How to Stop Smoking & Easily Motivate Yourself to Quit

How to Stop Smoking & Easily Motivate Yourself to Quit

People stop smoking 10 or 20 times a day. The real problem is to stop oneself from starting again.

Only you can make the decision whether or not to stop smoking. Certainly it can be difficult to give up anything that has been a habit for a long time but certain methods have been designed to make the task an easier one.

There is conclusive evidence that cigarette smoking is a dangerous and sometimes deadly habit. It is directly linked to lung cancer, heart disease, bronchitis and emphysema. And of course there are all the other detrimental side effects, which can include shortness of breath, chest pain, gastrointestinal disorders, even bad breath and nicotine-stained fingers.

The Cancer Risk

One man in 10 who smokes 40 cigarettes a day will get lung cancer as against one man in 210 non-smokers. The average person who uses cigarettes lights up 30 times a day, 210 times each week and a quarter of a million times in 20 years.

The heavy smoker is in danger of losing about one minute of life for every minute spent smoking. On average this represents the loss of 10 years.

Despite these formidable implications, people continue to puff away. There is a reason for this. Smoking, which usually begins as a social habit, inevitably become a substitute for emotional needs or deprivations, which all of us have to some degree or another.

How to Stop Smoking

Everybody experiences some form of inner anxiety. The act of cigarette smoking, lighting up, fiddling with the cigarette packet and so on, help transfer these inner tensions to a more manageable exterior, variety.

Psychologists who have developed a “stop smoking” program at the Australian College of Recorded Education believe that by relieving tension and anxiety a person also relieves much of the desire to smoke. Therefore the knowledge of how to relax and alleviate nervous tension is most important.

Firstly, the smoker establishes a firm date, about two weeks hence, on which he or she will stop smoking for good. During this time, relaxation exercises are practised and some positive ideas about the uselessness of the smoking habit developed in the mind.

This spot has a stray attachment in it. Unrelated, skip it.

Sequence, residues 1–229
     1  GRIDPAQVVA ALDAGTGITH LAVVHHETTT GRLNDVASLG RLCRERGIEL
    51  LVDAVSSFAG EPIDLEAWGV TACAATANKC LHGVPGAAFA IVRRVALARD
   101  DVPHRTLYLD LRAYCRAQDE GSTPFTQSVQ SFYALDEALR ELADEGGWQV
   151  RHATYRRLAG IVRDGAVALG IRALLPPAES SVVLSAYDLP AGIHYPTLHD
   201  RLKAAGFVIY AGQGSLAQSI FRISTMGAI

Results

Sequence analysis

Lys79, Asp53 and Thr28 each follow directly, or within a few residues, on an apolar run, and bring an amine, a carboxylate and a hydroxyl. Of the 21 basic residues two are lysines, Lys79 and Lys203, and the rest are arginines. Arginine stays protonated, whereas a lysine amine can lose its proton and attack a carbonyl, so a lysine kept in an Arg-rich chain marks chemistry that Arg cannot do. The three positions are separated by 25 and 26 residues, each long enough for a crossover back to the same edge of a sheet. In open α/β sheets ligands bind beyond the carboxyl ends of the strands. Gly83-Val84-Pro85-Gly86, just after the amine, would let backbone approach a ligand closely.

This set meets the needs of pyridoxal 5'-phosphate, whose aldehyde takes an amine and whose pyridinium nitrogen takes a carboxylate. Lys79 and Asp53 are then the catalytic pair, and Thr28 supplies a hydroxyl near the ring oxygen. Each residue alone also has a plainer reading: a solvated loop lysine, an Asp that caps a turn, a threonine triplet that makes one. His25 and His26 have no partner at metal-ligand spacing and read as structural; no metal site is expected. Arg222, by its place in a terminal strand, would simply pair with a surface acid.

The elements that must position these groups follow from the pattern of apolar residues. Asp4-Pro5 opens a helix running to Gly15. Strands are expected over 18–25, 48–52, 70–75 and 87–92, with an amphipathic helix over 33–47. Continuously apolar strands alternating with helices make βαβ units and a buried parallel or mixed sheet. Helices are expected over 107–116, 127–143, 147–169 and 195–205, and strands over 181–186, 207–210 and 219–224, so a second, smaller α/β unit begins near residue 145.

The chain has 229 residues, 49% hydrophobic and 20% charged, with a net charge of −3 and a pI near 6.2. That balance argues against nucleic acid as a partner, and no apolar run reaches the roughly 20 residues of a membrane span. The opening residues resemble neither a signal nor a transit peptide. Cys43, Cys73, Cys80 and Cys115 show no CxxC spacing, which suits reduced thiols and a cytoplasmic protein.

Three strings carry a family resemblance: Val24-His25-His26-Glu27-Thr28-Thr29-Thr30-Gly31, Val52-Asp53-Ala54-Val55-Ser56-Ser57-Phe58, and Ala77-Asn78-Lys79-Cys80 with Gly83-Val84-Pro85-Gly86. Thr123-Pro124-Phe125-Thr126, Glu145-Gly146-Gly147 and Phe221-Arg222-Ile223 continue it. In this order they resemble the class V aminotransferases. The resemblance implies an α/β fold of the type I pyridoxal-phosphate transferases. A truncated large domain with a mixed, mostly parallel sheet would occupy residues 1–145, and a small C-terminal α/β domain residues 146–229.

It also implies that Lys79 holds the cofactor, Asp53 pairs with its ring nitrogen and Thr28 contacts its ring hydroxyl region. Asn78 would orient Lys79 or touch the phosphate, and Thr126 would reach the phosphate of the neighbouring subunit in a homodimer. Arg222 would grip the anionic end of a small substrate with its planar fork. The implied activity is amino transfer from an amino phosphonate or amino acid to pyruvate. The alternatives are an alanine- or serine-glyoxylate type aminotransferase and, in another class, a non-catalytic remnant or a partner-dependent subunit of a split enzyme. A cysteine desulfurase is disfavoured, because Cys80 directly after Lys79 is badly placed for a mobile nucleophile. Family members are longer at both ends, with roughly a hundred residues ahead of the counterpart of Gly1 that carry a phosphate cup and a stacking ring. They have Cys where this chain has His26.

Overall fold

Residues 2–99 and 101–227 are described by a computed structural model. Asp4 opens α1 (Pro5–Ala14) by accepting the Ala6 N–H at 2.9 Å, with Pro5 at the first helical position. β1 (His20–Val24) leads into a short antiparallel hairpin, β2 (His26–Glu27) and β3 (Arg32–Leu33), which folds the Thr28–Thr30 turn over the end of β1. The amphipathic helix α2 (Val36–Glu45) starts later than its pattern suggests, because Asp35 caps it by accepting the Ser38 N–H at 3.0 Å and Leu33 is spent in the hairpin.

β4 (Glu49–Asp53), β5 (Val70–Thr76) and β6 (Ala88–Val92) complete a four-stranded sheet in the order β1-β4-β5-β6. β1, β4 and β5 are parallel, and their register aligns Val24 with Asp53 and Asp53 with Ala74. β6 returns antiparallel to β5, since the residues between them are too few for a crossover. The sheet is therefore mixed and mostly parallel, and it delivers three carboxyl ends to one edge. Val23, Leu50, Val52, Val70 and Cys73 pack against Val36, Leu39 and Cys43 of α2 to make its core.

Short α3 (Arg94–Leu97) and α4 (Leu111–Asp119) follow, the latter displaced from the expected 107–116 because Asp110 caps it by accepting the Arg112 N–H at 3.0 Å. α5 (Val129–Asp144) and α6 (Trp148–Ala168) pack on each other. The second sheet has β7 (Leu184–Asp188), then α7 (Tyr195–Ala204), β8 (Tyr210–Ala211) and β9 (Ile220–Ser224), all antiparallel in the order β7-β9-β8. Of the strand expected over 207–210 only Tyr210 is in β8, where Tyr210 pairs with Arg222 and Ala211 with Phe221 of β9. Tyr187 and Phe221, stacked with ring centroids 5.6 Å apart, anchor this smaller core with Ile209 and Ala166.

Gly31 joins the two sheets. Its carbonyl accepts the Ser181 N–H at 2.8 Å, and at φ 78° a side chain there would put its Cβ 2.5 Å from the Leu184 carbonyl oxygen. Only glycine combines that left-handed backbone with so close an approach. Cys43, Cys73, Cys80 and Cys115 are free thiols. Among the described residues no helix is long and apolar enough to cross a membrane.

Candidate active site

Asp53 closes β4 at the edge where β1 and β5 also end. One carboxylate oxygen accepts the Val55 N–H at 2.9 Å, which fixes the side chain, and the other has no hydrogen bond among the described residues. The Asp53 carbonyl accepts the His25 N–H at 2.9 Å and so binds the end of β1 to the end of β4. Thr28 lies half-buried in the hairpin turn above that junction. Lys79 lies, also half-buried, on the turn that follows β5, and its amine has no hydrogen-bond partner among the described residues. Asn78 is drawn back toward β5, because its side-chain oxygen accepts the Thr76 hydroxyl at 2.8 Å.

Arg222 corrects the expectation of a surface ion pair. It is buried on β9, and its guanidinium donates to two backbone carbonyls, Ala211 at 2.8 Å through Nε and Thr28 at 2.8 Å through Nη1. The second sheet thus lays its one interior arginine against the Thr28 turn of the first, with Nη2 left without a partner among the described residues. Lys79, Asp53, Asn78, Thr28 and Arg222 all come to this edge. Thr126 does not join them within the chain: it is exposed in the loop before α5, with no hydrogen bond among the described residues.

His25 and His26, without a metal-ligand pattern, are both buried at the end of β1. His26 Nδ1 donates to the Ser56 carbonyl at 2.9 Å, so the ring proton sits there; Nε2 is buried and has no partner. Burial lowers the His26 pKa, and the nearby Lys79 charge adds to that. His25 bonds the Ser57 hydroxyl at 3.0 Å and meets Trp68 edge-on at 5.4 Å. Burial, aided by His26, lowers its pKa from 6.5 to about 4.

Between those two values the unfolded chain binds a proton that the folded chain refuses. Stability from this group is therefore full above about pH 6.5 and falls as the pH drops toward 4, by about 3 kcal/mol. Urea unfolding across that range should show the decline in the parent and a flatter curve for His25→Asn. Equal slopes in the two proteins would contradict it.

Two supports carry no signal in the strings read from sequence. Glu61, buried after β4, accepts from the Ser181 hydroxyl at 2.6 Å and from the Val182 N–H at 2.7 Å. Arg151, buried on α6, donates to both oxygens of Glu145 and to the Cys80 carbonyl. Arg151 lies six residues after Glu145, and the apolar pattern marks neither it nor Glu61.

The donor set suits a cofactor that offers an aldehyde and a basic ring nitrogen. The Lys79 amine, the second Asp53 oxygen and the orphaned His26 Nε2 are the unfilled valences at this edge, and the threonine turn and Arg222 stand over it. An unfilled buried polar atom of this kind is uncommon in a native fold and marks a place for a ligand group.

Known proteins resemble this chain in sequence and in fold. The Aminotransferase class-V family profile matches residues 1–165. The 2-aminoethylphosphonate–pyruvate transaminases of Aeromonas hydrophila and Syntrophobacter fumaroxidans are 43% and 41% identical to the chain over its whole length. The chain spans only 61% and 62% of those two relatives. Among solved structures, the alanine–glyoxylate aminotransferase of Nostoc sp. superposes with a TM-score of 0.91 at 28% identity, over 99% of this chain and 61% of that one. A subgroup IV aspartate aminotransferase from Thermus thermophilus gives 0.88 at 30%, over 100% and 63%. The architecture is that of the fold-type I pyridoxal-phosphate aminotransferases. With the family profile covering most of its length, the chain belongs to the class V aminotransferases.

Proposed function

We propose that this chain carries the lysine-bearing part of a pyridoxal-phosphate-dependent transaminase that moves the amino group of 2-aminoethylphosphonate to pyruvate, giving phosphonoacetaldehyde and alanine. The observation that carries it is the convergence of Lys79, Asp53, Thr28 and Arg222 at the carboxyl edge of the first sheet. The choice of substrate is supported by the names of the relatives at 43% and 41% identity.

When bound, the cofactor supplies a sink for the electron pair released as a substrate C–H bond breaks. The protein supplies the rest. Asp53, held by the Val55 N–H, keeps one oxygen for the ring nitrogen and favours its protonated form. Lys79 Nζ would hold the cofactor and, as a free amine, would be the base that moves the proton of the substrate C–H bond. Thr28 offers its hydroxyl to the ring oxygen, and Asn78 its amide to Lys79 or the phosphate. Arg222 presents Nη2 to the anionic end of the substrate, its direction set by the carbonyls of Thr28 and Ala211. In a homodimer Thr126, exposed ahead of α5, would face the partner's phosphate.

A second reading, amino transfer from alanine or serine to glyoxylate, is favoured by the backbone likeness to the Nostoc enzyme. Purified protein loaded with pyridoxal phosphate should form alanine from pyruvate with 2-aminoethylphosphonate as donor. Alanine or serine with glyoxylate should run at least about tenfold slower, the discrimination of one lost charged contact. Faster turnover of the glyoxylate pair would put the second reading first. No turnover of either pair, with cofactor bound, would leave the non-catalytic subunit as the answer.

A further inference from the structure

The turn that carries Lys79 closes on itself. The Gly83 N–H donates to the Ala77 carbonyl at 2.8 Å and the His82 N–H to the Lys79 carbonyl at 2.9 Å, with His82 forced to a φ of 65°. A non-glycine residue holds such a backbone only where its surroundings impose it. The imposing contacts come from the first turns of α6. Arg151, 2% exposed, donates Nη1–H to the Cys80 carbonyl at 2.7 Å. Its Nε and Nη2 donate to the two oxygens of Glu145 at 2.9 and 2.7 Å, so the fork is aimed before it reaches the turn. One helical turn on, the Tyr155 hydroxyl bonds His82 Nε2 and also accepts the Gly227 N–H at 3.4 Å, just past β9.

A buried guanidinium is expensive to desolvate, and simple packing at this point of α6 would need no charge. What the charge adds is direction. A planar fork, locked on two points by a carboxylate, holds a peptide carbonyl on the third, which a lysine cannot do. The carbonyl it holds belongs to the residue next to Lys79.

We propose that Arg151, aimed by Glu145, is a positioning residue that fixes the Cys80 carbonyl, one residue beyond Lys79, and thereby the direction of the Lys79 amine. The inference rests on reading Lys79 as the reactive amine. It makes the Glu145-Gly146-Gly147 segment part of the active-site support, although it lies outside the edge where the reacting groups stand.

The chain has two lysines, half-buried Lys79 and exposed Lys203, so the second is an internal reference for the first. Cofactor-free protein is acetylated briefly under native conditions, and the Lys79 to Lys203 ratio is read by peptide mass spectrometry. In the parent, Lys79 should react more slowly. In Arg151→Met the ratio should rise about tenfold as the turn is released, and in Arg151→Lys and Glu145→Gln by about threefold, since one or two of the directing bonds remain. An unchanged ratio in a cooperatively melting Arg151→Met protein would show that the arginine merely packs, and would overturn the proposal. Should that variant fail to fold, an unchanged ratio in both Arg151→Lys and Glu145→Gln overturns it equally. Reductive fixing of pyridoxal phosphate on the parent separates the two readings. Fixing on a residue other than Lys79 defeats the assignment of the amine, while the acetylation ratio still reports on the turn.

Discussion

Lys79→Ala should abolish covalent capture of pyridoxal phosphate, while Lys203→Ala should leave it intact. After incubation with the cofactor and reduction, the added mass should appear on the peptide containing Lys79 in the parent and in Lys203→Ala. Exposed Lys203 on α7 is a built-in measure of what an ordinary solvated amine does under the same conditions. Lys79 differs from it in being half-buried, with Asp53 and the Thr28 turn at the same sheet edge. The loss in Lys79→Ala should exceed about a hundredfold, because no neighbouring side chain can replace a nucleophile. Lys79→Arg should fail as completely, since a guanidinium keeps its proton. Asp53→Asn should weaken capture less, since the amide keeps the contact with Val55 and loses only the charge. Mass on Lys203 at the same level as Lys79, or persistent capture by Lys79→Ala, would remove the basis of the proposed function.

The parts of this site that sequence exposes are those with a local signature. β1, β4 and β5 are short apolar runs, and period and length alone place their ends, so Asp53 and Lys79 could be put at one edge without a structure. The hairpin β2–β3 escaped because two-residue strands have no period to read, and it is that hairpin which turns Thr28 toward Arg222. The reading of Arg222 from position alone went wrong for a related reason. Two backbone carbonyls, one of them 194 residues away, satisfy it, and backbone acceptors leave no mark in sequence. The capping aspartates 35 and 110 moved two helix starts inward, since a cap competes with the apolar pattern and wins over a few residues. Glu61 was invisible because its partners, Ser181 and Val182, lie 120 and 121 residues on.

Most people fool themselves about cigarette smoking. They tell themselves over long periods of time that they need to smoke, that the craving for nicotine is stronger than they, that they will never be able to stop.

These entirely erroneous impressions are recorded by the subconscious and accepted as truth. It is necessary to build into the subconscious new ideas about cigarette smoking and this is best done by affirmative thinking. For example in bed at night, just before you drop off to sleep, when you are relaxed, you make sincere and positive statements such as this:

“Cigarettes. . . easy to stop… no need for them . . . cigarettes . . . what a waste”.

Two weeks of this sort of repetitive training helps alter thoughts about cigarette smoking and most people feel by then, they are not up against the impossible.

You learn to relax by learning to let go. And that means letting go both mentally and physically. In a typical relaxation session, a person normally lies on the floor and mentally commands various parts of the body to relax. When the body is relaxed he or she then concentrates on relaxing the mind, by actually telling it what to do.

A person should sub-vocalise thoughts such as these: “Easy . . . easy . . . letting go . . . feeling more and more relaxed . . .”.


Apart from relaxation and affirmative thought, many other things help. For example, study the times when you are most prone to light up. Some people cannot seem to hold a telephone conversation without a cigarette in their hand. It is a reflex action.

It also helps to let your friends know your plan. Make a public commitment. Put yourself out on a limb where your own basic pride will lend a hand.

Choose a time when you are exposed to the least tensions to implement your plan. The weekend is often the best.

Treat the whole venture with cheerful seriousness. Giving up cigarettes is not the hardest thing you have ever done and you are not the only person who has succeeded. Cigarettes have possibly dominated many strategic hours of your life. Put something else in their place. If you like sucking something, suck a peppermint, even a pencil.

Cigarette smoking is much more a psychological than a physical demand. But it is wise to go on a one day or two-day fast to get the nicotine out of your system as quickly as possible. A day fast is not too difficult, but if a two-day one is impossible, eat fresh fruit and cooked or fresh vegetables. Remember to drink plenty of water and fruit juice, as fluids purify the system. Try to stop or cut down on alcohol, tea and coffee as they most often create an urge to smoke. Deep breathing and exercise also help to rid the system more quickly of nicotine.

Remember good health and enjoyment of our physical attributes is a natural right. It has been given to us, so let us take it and enjoy it.

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